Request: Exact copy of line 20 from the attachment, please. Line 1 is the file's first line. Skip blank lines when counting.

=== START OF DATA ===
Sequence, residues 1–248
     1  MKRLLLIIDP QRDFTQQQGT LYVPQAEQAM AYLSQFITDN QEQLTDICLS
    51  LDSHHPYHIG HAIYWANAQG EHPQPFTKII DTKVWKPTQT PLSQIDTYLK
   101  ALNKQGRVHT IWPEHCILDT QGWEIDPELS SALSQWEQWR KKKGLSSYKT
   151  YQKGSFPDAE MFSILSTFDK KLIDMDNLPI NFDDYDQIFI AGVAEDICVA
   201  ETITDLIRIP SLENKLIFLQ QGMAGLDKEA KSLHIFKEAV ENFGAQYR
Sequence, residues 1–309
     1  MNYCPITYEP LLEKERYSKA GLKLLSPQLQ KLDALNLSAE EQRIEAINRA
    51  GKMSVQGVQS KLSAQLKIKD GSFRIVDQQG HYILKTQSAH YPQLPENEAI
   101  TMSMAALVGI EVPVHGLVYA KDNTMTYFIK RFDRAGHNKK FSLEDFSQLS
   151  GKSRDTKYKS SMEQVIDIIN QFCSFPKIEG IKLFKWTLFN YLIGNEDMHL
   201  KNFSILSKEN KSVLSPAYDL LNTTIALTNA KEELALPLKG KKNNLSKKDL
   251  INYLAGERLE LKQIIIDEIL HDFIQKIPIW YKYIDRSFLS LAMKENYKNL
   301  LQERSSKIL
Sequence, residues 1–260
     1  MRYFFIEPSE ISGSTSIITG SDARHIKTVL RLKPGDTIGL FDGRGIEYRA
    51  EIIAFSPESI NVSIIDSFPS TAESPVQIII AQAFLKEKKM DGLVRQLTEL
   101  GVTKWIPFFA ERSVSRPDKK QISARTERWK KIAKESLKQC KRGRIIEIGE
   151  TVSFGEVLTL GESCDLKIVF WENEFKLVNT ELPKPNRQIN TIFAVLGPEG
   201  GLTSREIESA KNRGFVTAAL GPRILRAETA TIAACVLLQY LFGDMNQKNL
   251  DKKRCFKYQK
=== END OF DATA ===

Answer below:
   201  GLTSREIESA KNRGFVTAAL GPRILRAETA TIAACVLLQY LFGDMNQKNL